We saw the side of Jimmy Savile we wanted to believe in

Sir Jimmy Savile
Sir Jimmy Savile
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As the investigations into Sir Jimmy Savile begin, Andy Green, who used the star to promote good causes in Yorkshire, admits we all have questions to answer.

We are all filled with revulsion by the abuses allegedly perpetrated by the late Sir Jimmy Savile. Yet, how much are all of us in our different ways guilty of creating this tragedy?

I have got to put my hand up here. I, along with probably a legion of other public relations people, helped support Savile’s public profile. We played along, excusing his sometimes odd ways, he was after all an eccentric.

For my part, I was on the committee that bestowed him with the award, Yorkshireman of the Year. At the time, it seemed fitting for a man who had used his celebrity to raise millions for charity. I also played a key role in promoting the Yorkshire Spinal Injuries Centre, which we positioned as the Stoke Mandeville of the North. We recognised that we didn’t have a hope in hell of toppling the immense profile that Sir Jimmy had built there, but we thought we might borrow a little of his fame.

I even encouraged my daughter, along with a group of friends, to take part in a junior Sir Jimmy Savile lookalike competition I ran to promote a shopping centre in Leeds city centre. (Thank God, the man himself was nowhere near).

When arranging photocalls to promote everything from good causes to curry houses, Sir Jimmy was often the man we called upon. I was willingly contributing to his public profile, his brand image of the lovable eccentric. So do did many others.

It now seems those photocalls and those public appearances were all part of his cover. Together they created a shield, behind which he was allowed to conduct the abuse of which he has been posthumously accused.

At the time we felt we were using him. Sir Jimmy turning up almost guaranteed publicity and for charities; his presence helped to raise awareness of their cause and aims.

Of course, it now appears he was using us. We weren’t entirely ignorant. We knew of a whiff of rumours, a vague hint that not everything about the man was good. Yet we carried on. Why?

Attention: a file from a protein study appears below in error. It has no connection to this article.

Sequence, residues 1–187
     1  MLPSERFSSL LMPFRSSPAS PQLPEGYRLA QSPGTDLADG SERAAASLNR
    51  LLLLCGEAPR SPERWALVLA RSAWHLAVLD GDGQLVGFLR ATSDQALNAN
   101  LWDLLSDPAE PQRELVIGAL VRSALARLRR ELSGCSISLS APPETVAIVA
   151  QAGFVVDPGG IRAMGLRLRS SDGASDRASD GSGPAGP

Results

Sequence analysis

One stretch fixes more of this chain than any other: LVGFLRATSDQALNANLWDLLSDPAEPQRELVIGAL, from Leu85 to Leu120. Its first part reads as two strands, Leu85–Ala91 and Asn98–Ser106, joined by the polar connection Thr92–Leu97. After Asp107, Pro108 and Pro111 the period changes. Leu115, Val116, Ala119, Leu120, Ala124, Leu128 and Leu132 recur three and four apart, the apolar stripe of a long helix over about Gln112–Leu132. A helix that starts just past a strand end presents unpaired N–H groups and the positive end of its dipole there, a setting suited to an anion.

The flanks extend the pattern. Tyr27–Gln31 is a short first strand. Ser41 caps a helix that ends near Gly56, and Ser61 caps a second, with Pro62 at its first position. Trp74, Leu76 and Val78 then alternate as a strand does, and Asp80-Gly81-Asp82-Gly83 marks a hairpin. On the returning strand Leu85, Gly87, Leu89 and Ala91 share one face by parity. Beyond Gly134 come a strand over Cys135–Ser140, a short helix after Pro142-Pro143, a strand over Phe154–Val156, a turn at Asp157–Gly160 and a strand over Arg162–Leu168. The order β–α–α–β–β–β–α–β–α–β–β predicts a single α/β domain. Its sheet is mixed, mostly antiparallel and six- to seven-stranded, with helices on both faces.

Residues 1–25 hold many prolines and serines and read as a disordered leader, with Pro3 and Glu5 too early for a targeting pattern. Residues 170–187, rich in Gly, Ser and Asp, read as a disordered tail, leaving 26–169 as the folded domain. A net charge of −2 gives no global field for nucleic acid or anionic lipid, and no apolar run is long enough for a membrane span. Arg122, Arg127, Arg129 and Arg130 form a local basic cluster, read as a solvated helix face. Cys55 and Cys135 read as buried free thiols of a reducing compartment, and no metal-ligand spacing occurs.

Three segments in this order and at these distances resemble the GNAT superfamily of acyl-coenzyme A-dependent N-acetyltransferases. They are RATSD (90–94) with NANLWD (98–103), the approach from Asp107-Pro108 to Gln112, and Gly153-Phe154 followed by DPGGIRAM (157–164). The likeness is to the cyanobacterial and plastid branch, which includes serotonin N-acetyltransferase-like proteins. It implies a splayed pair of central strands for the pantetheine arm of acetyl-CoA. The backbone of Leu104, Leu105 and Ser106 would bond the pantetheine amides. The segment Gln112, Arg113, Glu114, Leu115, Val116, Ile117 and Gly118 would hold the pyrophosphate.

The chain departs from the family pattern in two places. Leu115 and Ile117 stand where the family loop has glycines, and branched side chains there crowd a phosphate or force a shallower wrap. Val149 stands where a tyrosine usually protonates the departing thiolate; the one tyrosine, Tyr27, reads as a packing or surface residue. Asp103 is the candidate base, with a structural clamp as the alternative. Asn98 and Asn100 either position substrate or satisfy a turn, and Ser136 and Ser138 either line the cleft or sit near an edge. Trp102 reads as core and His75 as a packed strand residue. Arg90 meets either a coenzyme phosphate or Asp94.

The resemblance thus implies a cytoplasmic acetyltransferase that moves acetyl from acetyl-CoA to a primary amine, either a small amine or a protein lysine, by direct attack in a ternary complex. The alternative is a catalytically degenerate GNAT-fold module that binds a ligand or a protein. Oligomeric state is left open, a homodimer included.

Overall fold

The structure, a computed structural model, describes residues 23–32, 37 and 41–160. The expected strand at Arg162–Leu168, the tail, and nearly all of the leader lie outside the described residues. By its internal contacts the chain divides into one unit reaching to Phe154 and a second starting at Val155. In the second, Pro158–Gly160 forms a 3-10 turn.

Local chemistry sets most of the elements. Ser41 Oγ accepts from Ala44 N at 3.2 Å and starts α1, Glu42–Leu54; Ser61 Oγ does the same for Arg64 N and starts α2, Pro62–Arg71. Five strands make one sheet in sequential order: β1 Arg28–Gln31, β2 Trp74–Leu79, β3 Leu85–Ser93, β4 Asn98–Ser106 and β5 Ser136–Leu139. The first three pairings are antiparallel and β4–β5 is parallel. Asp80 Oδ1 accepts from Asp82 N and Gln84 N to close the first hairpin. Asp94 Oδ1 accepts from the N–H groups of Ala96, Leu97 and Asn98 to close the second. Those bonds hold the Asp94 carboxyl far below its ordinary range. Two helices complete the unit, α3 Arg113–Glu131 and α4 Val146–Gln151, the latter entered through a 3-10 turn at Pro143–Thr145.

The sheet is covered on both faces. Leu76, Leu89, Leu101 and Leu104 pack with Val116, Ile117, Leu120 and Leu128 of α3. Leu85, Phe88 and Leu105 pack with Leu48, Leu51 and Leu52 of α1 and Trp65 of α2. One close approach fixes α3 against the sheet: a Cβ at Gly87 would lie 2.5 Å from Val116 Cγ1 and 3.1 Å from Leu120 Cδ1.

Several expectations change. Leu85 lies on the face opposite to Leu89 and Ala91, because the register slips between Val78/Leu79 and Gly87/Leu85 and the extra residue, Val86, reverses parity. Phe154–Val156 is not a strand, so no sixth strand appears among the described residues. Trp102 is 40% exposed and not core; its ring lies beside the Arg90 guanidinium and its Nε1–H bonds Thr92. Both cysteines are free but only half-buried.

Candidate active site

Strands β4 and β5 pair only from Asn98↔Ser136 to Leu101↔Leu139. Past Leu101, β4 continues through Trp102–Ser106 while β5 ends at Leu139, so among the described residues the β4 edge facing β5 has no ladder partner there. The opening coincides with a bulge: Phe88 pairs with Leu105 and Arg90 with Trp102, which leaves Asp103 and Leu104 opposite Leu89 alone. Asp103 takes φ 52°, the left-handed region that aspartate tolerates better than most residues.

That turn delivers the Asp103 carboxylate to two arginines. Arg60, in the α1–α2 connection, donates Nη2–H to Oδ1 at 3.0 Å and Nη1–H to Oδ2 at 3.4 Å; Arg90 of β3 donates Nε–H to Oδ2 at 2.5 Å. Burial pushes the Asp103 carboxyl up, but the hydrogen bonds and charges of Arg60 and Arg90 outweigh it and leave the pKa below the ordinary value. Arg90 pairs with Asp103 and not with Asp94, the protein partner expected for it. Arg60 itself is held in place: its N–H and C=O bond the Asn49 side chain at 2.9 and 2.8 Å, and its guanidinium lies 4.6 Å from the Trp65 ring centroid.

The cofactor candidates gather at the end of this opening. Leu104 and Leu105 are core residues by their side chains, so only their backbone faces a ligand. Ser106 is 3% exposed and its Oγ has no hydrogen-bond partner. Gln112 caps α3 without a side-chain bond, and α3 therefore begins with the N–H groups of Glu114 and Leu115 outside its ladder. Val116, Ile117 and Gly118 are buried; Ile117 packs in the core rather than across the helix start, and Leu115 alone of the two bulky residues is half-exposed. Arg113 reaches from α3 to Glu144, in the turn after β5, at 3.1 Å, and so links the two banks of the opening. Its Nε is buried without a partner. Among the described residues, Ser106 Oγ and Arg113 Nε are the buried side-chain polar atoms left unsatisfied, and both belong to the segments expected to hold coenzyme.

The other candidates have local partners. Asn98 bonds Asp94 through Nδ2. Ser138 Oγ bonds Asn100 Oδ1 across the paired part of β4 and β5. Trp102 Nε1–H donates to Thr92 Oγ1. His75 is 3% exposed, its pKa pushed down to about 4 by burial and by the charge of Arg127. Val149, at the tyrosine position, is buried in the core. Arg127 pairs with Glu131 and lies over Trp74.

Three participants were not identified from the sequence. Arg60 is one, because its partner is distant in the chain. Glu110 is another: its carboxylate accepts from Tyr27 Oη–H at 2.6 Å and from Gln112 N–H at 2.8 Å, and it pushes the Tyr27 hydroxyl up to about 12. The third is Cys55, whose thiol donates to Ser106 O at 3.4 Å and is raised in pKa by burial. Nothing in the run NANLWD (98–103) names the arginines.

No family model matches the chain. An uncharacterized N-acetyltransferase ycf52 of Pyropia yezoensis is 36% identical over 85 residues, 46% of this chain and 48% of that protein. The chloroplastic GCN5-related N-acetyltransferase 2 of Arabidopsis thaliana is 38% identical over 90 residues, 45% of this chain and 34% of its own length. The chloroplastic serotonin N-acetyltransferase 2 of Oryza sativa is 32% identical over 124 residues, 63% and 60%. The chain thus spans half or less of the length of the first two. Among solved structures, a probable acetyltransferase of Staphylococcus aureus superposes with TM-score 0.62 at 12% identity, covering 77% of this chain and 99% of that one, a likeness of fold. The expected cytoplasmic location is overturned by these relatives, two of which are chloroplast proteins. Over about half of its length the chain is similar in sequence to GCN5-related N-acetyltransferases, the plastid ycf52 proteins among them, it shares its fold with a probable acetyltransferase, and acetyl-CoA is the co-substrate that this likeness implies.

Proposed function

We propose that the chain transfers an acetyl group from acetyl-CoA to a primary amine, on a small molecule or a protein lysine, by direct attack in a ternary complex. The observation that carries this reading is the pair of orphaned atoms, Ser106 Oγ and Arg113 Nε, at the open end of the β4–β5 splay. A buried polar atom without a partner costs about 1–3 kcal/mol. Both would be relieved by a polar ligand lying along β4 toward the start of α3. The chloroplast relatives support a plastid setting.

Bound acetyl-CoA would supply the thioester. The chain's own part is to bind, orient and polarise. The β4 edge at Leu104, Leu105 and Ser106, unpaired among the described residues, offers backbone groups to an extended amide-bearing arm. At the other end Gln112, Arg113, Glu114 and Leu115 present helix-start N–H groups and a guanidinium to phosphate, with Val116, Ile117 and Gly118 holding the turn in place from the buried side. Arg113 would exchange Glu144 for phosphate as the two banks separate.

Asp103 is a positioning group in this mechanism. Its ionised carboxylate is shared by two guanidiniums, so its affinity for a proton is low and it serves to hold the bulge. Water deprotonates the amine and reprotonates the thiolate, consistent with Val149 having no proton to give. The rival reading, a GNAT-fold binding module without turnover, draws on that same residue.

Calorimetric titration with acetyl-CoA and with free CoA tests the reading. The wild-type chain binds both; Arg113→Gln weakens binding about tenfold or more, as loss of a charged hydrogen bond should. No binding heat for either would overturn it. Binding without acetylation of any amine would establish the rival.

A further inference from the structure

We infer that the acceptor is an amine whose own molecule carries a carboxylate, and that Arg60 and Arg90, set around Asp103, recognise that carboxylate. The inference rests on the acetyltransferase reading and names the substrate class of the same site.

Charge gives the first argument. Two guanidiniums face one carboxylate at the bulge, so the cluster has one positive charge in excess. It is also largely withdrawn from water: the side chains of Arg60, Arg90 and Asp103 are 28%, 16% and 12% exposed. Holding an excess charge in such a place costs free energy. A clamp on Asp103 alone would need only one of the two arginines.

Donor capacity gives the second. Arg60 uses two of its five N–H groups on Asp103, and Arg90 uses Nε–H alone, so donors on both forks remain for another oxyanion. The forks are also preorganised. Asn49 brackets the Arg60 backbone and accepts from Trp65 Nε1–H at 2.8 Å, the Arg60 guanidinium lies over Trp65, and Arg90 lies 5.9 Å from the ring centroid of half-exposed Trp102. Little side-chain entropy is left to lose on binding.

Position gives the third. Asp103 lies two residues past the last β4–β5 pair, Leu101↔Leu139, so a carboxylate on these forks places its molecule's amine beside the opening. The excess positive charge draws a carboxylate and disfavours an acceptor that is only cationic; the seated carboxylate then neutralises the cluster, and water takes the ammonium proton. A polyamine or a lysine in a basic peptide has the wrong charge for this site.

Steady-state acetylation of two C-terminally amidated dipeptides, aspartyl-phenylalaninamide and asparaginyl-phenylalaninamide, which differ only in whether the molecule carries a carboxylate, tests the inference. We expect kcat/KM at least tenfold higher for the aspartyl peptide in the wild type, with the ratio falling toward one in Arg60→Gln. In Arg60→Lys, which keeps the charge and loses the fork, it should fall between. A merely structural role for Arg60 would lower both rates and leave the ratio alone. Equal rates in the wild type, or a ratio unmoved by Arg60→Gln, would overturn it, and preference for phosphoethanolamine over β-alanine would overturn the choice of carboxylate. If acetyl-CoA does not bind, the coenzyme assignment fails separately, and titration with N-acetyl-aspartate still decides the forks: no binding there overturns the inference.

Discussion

The dreadful case of Christopher Jefferies, the man arrested by Bristol police in the hunt for the murderer of Joanna Yeates, showed why we should be wary of trampling on the principle of innocent until proved guilty.

It is right that whispers and idle gossip aren’t allowed to become accepted fact, but if the recent revelations can teach us anything it’s that we should be very wary of putting celebrities on a pedestal simply because of the good they appear to do.

We’ve all heard people say, “I’ve heard of him, so he must be all right” and with Sir Jimmy, who made much of volunteering as a hospital porter, there was a tendency to think “Well, if he’s doing good there, he must be doing good elsewhere.”

No one is perfect. Yet we live in a world of what Mark Borkowski calls the Now Economy populated by Marmite brands – Sir Jimmy knew there were people who thought him odd, but he also knew there were equal numbers who loved him for exactly that same quality.

We have come to think in black and white terms. If someone is deemed good, as Sir Jimmy was until recently, anything which doesn’t fit that image is quietly put to one side.

Our reluctance to believe that people we have held in the esteem may be fatally flawed is nothing new. Legend has it that as American baseball legend Shoeless Joe Jackson was leaving the court during an alleged match rigging trial, a boy ran up and begged of him: “Say it ain’t so, Joe.” The story goes that Jackson did not respond.

We all have heroes, for some Sir Jimmy Savile was one, but that status can cause us to become blind to reality. We impose on them a set of expectations and beliefs, one that denies the existence of shortcomings.

Comedian Stephen Colbert coined the word “truthiness”, meaning the quality of stating the concepts one wishes or believes to be true rather than the facts.

Before he died, the truthiness about Sir Jimmy Savile was that he was a lovable eccentric, a tireless charity fund-raiser, a proud Yorkshireman. Partly that was the image he had spent years cultivating, but partly it was the way we wanted to see him.

One major positive I would take from this sordid episode is how the truth will out. You will ultimately get the reputation you deserve.

While this may be too late for many of Savile’s victims, it does restore some semblance of natural justice. For me, I also need to come to terms with my role, albeit modest and minor, in contributing to the existence of an alleged monster. Unlike the years which passed when people ignored the rumours, now it is time for us all to confront what happened.

Andy Green is a partner at GREEN Communications in Wakefield.